Massachusetts  The Country Club  Brookline  1893  Private 
Michigan  Harbor Point Golf Club  Harbor Springs  1896  Public 
Minnesota  Town & Country Club   St. Paul  1893  Private 
Mississippi  Laurel Country Club  Laurel  1919  Private 
Missouri  Log Cabin Club  St. Louis  1899  Private 
Montana  Livingston Golf Course  Livingston  1905  Public 
Nebraska  Field Club of Omaha  Omaha  1898  Private 
Nevada  Washoe Golf Course  Reno  1917  Public 
New Hampshire  Exeter Country Club  Exeter  1889  Public 
New Jersey  Lawrenceville School Golf Course  Lawrence Township  1896  Private 
New Mexico  The Lodge at Cloudcroft  Cloudcroft  1899  Public 
New York  Shinnecock Hills Golf Club  Southampton  1891  Private 
North Carolina  Pinehurst No. 1  Pinehurst  1897  Public 
North Dakota  Fargo Country Club  Fargo  1898  Public 
Ohio  Cincinnati Country Club  Cincinnati  1895  Private 
Oklahoma  Guthrie Golf & Country Club  Guthrie  1900  Public 
Oregon  Gearhart Golf Links  Gearhart  1892  Public 
Pennsylvania  Foxburg Country Club  Foxburg  1887  Public 
Rhode Island  Newport Country Club  Newport  1893  Private 
South Carolina  Palmetto Golf Club  Aiken  1892  Private 
South Dakota  Two Rivers Golf Club  Dakota Dunes  1909  Public 
Tennessee  Chattanooga Golf & Country Club   Chattanooga  1896  Private 
Texas  Hancock Golf Course  Austin  1899  Public 
Utah  Forest Dale Golf Course  Salt Lake City  1906  Public 
Vermont  Dorset Field Club  Dorset  1886  Private 
Virginia  Omni Homestead Resort (Old Course) Hot Springs  1892  Public 
Washington  Wing Point Golf & Country Club  Bainbridge Island  1903  Private 
West Virginia  Wheeling Country Club  Wheeling  1902  Private 
Wisconsin  Eagle Springs Resort  Eagle  1893  Public 
Wyoming  Cheyenne Country Club  Cheyenne  1917  Private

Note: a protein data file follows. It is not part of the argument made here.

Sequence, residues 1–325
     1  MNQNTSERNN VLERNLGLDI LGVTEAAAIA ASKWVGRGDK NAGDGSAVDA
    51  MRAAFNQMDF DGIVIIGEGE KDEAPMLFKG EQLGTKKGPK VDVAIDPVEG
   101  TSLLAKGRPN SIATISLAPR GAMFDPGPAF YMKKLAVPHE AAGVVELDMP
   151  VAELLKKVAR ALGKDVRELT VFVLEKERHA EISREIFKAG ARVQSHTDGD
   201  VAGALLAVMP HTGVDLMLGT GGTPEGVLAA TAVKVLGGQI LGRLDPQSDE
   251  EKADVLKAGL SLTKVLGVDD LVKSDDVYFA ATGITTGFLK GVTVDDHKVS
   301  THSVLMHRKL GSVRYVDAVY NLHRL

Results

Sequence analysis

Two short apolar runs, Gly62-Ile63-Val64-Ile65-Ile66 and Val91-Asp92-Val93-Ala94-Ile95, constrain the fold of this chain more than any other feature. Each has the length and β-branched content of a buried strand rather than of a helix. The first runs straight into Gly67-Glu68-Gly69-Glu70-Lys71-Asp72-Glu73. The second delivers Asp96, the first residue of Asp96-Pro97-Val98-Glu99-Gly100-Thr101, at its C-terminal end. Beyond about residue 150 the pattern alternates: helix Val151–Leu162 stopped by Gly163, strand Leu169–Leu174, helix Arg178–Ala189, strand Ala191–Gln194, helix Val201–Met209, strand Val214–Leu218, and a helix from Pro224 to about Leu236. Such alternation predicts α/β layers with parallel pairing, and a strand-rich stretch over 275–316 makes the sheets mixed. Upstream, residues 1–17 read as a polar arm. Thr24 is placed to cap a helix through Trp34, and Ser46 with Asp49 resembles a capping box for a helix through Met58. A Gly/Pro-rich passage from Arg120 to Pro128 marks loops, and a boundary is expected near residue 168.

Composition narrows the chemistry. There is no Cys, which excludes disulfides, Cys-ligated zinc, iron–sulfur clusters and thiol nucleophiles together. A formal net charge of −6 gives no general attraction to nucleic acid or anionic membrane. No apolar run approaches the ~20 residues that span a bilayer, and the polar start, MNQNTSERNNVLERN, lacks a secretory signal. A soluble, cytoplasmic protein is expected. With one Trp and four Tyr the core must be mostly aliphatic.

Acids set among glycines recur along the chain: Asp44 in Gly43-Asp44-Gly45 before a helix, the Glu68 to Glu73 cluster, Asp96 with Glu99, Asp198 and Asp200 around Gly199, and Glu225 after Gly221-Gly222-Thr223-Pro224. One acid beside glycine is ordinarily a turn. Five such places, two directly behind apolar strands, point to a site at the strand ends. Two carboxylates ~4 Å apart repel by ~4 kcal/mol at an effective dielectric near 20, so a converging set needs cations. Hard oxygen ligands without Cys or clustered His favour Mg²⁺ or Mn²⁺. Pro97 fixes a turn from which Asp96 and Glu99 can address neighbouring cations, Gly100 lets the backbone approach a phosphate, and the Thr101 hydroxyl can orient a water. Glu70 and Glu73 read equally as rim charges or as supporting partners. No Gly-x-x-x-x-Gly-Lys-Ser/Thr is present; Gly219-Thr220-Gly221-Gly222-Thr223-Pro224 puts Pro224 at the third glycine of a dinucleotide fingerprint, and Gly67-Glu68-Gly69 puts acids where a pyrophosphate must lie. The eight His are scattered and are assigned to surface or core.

Selected Course Stories 

Alabama – Highland Park Golf Course 

Originally the Country Club of Birmingham, it was the site of two early Bobby Jones victories in 1915 and ’16—when he was 13 and 14 years old. 

Florida – Belleair Country Club and the Ocean Course at The Breakers Resort 

We know both courses began in 1897, but which came first? At Belleair, none of the original six holes are still in use, but Donald Ross came in 1915 and redid the course in part over the same land. The Ocean Course claims to be Florida’s oldest. Alex Findlay (see Oklahoma) laid out the course, which was redone by Rees Jones in 2018. 

Illinois – Downers Grove Golf Club 

When people say Chicago Golf Club was the first 18-hole course in the U.S., they mean this course. C.B. Macdonald built the first nine holes in 1892 and convinced the members to add nine more the next year. CGC moved to its current site in Wheaton, and built a new course, in 1895. In 1899 and with new owners, this was renamed Belmont Golf Club and at some point trimmed to nine holes, with several of the originals still intact. In 1968, it was purchased by the Downers Grove Park District, and in 2023, it will again become Belmont Golf Club. Holes 1, 2, 4, 7, 8, and 9 are said to be original. 

oldest course
Courtesy of Downers Grove Golf Club

Iowa – Fairfield Golf & Country Club 

According to the club, a Dr. J.F. Clarke was returning from a medical meeting in Philadelphia in early 1892 when he stopped in Chicago and, having just read an article in Harper’s Weekly about golf, bought a wooden driver and three balls. Back in Fairfield, the good doctor and his nephew “melted the tops from a few empty tomato cans, to be used as holes.” They set the cans in a nearby pasture, and by May of that year the club was organized. The course soon had seven holes, named Alpha, Diagonal, Long, Range, Stumpie, Grassie, and Omega. They played out and back for a total of 14 holes. 

Massachusetts – The Country Club 

Like many other clubs, it was not formed for golf. Founded in 1882, most of the members came to ride horses and enjoy other sports. In early 1893, the original six-hole course was designed and built by members and overlapped an existing racetrack. Scotsman Willie Campbell was hired that same year as the club’s first golf professional and oversaw the expansion of the course to nine and then 18 holes by 1899.